Singapore group conducts social experiment on how privilege affects standing in society

Social enterprise Unsaid conducted an experiment showing how factors such as gender, race and economic background can affect a person's standing in society. PHOTO: UNSAID/FACEBOOK

SINGAPORE - Not everyone starts on an equal footing in society, as 16 young Singaporeans find out in a social experiment that has been making its rounds on Facebook.

Conducted by social enterprise Unsaid, the experiment shows how factors such as gender, race and economic background can affect a person's standing in society - even in Singapore.

The video, which was released on National Day, has more than 160,000 views and been shared more than 3,700 times.

In the experiment, participants took either a step forward or back in response to each of the 35 questions set by the organisers. The final position of each participant represents how far ahead - or behind - each person is, based on how privileged or disadvantaged he or she is.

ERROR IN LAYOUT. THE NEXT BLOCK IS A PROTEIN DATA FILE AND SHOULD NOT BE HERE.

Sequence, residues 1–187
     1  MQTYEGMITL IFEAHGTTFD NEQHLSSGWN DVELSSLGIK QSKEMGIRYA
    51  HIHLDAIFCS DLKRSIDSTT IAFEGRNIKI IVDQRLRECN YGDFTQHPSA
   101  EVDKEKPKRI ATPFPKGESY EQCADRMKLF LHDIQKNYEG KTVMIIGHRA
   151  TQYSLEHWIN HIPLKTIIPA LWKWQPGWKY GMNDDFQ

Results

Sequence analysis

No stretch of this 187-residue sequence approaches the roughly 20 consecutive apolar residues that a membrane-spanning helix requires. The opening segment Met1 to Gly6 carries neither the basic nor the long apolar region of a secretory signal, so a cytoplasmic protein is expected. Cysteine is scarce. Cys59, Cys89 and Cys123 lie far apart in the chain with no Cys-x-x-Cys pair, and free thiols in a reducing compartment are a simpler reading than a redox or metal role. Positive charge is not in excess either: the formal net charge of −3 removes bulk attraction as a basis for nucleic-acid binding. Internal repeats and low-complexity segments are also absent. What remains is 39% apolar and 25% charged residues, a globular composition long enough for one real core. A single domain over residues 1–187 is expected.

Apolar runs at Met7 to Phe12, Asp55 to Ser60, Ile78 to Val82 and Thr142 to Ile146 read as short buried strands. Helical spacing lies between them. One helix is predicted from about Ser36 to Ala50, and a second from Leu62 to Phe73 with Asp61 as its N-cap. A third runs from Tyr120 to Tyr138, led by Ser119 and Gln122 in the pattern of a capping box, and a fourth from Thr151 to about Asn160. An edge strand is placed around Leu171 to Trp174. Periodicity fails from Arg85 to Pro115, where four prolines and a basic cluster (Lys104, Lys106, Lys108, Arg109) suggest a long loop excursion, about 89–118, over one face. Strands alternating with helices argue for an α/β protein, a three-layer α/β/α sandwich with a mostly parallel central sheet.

The purpose of the experiment is to show that not everyone has equal access to opportunities, said Unsaid's executive director Timothy Seet.

"We all work hard in this meritocratic society, but some people have to work even harder to achieve the same things," said Mr Seet, 23, who is an undergraduate at Nanyang Technological University.

"We need to think about why there are some people who are less privileged than others, and how we can help them."

As the participant who ended up last, Ms Alisa Maya Ravindran hopes the experiment will spur more constructive discussions on the topic.

"I hope that people will not take it as a negative thing to discuss privilege," said the 22-year-old undergraduate from the National University of Singapore.

"If we can acknowledge and discuss it in a sensitive manner, then maybe we will become a more empathetic society."

Comprising five core members, Unsaid is a student-led arts and social enterprise. The group was officially formed in July.

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